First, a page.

David Frost and Michel Barnier are to be congratulated. As the Prime Minister said, they have defied expectations that it would be impossible to conclude a Brexit deal in nine months while contending with a pandemic.
It is also good that it is a deal that both sides feel comfortable as presenting as meeting their requirements, something that was, in practice, made easier by the fact that the UK had – today’s language from Michael Gove notwithstanding about a “special relationship” – given up the ambitions of May ‘cakeism’ at Chequers in favour of a less threatening thin deal.
What was notable from the UK negotiators was how few their offensive asks were. Putting the quest for sovereignty at the heart of the Brexit deal made it easier for the EU, given it meant that the UK was prepared to accept (sorry prime minister) a raft of new non-tariff barriers to trade with the EU.
There are other things to welcome in the deal: as Peter Ricketts has noted, it has done more than might be expected on security cooperation – not least on extradition.
The UK will still be able to tap into EU data flows, albeit in a more clunky way than now and assuming that a data adequacy decision is forthcoming in the next six months when the temporary permission expires.
What is clear, however, from the small print in the Brexit deal is that this is not an agreement that allows the UK to distance itself from the European Union.
First, there are a lot of issues where the detailed operation needs to be finalised in the coming months. That means that although the overarching deal is completed, there is a lot more work to do on both sides to make it work in practice.
It is quite possible that many of the exhausted negotiating team will see 31 December as their personal liberation day and seek to move on – but there needs to be a team in place to ensure that these tasks are completed in a way that reflects the understanding of both sets of negotiators.
But that is not the end of it. The agreement establishes a complicated and comprehensive governance structure, headed up by a Partnership Council, with a structure of specialised committees and working groups sitting under it.
That sits alongside the Joint Committee overseeing the Withdrawal Agreement. The agreement itself is littered with provisions for consultation, exchanges of information and reviews. It remains to be seen how onerous this is. The UK will have to decide how to restructure itself to service these structures.
As an EU member, it had very effective internal coordination mechanisms – with liaison between the head of the UK representation in Brussels and the Prime Minister’s EU adviser – who acted both as Sherpa and head of the European and Global Issues secretariat in the Cabinet Office.
It looks like something similar will be required going forward – the Brexit deal is so encompassing that no one department can manage its scope.
But at the moment there is no domestic set-up to do this and it will be more difficult to do than before, as individual departments will need to come to terms with remembering to think through the implications of their domestic policy moves for the agreement with the EU.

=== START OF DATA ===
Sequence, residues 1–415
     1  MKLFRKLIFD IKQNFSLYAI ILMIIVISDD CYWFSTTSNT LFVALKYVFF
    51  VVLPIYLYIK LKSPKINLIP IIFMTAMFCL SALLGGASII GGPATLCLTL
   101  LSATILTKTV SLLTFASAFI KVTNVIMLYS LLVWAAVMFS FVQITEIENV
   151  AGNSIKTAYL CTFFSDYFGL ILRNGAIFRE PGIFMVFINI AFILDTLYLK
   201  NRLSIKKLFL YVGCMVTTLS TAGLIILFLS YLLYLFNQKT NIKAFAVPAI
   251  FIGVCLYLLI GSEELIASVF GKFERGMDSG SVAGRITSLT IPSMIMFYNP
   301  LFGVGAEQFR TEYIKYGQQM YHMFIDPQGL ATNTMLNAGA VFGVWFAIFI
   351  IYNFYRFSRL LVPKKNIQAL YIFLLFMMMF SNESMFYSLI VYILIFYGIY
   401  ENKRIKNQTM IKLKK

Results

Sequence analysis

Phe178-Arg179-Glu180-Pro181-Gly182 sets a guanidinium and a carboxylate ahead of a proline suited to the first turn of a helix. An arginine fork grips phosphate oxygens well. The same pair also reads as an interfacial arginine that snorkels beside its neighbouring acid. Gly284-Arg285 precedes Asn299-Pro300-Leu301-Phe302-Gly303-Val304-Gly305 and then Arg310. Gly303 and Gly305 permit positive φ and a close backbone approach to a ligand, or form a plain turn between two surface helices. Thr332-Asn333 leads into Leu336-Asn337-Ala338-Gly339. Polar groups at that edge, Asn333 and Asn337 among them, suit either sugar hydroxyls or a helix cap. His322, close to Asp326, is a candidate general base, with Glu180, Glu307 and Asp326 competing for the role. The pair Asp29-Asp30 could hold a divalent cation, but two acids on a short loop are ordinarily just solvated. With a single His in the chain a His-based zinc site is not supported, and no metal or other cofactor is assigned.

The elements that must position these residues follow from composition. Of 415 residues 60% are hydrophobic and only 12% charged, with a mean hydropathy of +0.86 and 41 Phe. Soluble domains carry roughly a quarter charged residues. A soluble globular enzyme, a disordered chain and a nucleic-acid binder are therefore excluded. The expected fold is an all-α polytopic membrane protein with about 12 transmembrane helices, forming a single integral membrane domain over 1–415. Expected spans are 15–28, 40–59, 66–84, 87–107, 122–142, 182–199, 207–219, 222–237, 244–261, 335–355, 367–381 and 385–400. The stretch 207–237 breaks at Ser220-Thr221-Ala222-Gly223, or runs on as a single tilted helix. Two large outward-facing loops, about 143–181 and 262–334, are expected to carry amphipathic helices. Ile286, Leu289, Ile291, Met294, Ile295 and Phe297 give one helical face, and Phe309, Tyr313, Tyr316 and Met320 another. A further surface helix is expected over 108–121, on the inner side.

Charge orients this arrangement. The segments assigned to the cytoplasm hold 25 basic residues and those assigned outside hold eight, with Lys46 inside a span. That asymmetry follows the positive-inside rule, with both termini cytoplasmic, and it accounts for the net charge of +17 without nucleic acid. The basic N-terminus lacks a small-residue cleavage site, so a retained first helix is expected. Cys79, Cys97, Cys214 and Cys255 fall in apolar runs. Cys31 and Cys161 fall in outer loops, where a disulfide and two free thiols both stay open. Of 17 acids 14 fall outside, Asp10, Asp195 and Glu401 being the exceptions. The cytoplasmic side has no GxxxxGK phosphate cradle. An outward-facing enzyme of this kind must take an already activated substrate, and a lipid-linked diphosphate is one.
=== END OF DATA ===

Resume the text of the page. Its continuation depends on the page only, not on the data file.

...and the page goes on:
There will need to be coordination with the devolved governments too. The UK government will be answerable through these structures for their compliance or non-compliance with the terms both of this agreement and the Withdrawal Agreement.
There will need to be close liaison with the UK Mission (UKMis) in Brussels. At the moment, that is being “naturally wasted” to reflect UK exit and the end of the negotiations. It is not clear from this deal whether that can be sustained.
UKMis will play a vital role in intelligence gathering and alerting the UK to potential emerging pitfalls – and helping people serving on the plethora of groups navigate an EU which fewer and fewer people will have direct experience of working with.
The risk is that it becomes harder to attract people into these roles. The Canadians say that the US has to loom large in all their policy thinking; Switzerland and Norway expend huge diplomatic efforts in Brussels. The nature of this agreement suggests the UK will have to do the same.
On Thursday, the PM claimed to have a Brexit deal that combined a free trade agreement with the return of UK sovereignty. He is right – for now. He has delivered his objective of tariff- and quota-free trade, and the UK will not be tied to EU laws nor ECJ jurisdiction.
But what will only become clear in the months and years to come is how far that new elastic can be stretched.
He has committed to non-regression on environmental and labour laws but there are provisions to remove some of the privileges of the agreement if either side takes measures that “weaken or reduce” that protection “in a manner that affects trade and investment”.
The test on subsidies is that they should not “have or could have a material effect on trade and investment between the two parties” – with a test for remedial measures that they have a “significant negative” effect.
The critical question for the future functioning of the agreement is how high these bars are set. If they are high, then the UK will have substantial regulatory freedom.
But if relatively minor divergences trigger action, ultimately leading to ‘rebalancing’, aka changing the terms of UK access, the UK could find its scope for action much more constrained and the value of the agreement in terms of offering certainty to business reduced.
Brussels could be lurking in the corner of UK domestic policy debates for decades to come.
By Jill Rutter, senior research fellow of UK in a Changing Europe.